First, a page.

Wednesday, September 01, 2004
So, Xie Ping's comment should be interpreted as part pushing the envelope and part obfuscation. By making this comment, he is again pushing the envelope. I see very little possibility that the government would list the majority of shares in these two banks. They are simply too important to let go. The obfuscation comes from his wording that the shares should be "tradable." As the SCMP piece points out, this doesn't mean that the shares would be tradable to the public, but might be tradable among a few strategic investors, including major foreign players and state investment firms like Huijin and CITIC.
China May List Banks Without Keeping Shares --- Government Move Seeks To Change Lending Culture At State's Big Four Banks By Owen Brown and Andrew Browne 581 words 1 September 2004The Wall Street JournalA10English(Copyright (c) 2004, Dow Jones & Company, Inc.)
BEIJING -- China could list two big state banks without keeping a chunk of nontradable shares in state hands, a central-bank official said, a proposal that underscores Beijing's desire to use a listing to impose market discipline and outside oversight on the banks.
Xie Ping, director of the People's Bank of China's Financial Stability Department, told the central-bank run Financial News that as long as the China Construction Bank and Bank of China conform to the relevant regulations of the China Securities Regulatory Commission, their overseas and domestically listed shares should remain tradable. He said shares held by Central Huijin Co., a company set up by the State Council in late 2003 to hold the government's controlling stake in the banks, also should be tradable under these conditions.
This marks a significant change from many previous privatizations in China, in which the government has retained a huge controlling stake in listed domestic firms through state and legal-person shares. State shares can't be traded, while legal-person shares can be transferred only between state-owned companies and agencies.
Both types of shares were used to maintain state control over listed companies to fend off criticism from conservative government members opposed to privatizing state assets.
But these separate classes of stock have cast a shadow over the value of tradable shares, with investors worried that the government could at any time release them into the retail market, driving down prices.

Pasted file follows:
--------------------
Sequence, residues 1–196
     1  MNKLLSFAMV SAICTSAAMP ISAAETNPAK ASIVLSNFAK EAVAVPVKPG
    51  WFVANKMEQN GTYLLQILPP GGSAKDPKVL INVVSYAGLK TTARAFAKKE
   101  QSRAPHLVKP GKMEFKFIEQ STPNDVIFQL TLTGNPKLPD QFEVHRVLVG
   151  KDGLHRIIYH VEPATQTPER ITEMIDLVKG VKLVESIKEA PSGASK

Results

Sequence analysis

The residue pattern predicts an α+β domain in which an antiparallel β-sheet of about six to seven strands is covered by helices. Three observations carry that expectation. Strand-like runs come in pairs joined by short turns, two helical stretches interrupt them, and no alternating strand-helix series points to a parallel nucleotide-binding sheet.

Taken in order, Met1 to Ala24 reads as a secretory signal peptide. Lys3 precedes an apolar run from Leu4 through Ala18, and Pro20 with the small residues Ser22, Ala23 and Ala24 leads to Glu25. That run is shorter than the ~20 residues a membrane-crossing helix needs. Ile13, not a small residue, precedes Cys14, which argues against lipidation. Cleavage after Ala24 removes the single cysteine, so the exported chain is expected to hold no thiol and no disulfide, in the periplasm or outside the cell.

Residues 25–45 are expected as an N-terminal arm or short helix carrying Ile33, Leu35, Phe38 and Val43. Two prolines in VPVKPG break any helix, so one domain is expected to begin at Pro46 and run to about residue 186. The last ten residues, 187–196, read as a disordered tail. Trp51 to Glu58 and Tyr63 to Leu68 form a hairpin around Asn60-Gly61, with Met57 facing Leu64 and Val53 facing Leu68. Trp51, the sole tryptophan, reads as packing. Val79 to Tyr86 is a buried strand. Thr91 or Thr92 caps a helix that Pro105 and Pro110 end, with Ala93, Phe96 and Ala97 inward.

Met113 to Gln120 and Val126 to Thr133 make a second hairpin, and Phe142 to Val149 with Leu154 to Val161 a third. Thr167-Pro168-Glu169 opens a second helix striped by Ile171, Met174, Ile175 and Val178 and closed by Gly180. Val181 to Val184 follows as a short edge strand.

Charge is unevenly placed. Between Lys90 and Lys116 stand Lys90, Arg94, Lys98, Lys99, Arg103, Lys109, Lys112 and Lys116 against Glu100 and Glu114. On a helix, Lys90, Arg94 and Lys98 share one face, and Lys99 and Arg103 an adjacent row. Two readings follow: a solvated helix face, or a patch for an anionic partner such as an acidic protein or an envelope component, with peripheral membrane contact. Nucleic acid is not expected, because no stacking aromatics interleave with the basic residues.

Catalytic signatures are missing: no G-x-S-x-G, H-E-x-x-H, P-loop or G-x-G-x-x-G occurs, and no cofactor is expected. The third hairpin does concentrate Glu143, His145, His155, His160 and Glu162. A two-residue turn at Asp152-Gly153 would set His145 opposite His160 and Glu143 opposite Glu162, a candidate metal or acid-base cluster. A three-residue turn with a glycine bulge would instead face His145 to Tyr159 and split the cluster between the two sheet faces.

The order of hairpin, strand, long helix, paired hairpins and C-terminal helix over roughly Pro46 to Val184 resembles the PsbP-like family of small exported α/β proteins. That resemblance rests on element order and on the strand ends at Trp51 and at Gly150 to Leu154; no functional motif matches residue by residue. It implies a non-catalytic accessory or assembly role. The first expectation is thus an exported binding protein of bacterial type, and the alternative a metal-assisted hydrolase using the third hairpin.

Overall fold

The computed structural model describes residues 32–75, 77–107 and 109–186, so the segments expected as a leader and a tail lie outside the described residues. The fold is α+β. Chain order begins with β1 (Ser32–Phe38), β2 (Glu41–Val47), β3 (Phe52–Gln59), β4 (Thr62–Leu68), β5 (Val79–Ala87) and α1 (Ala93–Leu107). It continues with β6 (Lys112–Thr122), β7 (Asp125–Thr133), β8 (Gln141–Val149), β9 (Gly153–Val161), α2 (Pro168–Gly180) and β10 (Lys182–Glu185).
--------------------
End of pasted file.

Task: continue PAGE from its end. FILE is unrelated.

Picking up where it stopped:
In addition, the fact that the majority of a company's shares aren't traded means that the boards of listed companies worry little about public shareholders. That defeats one purpose of stock-market listings, touted as a way to bring accountability to corporate boardrooms in China.
Regulators appear determined to use the markets to change the lending culture of China's Big Four banks, where performance has long been measured not by profits, but by the size of loan portfolios. That has contributed to a mountain of bad debt in the banking system, estimated at as much as $500 billion.
To do this they are putting a lot of faith in foreign investors to inject discipline. Bank of China and China Construction Bank are looking for overseas strategic investors who will likely have representation on their boards.
Mr. Xie's comments reflect the urgency of Beijing's task to transform the country's biggest banks before the market opens fully to foreign competition in 2007, in line with World Trade Organization rules. The fear is that without market discipline, state money that has been poured into the banks to bail out their bad debts will be wasted.
Regulators have imposed tough conditions on the money. For instance, Bank of China and China Construction Bank are required to achieve a return on assets of at least 0.6% by 2005 and the average of the top 100 international banks by 2007.
Mr. Xie also indicated Industrial & Commercial Bank of China will be the next state-run commercial bank subjected to restructuring, possibly before the end of this year. But he said policy makers are still discussing the fate of the Agricultural Bank of China, regarded as the weakest of the big four state-run banks, in comments that suggest the government might not favor a public-share offering.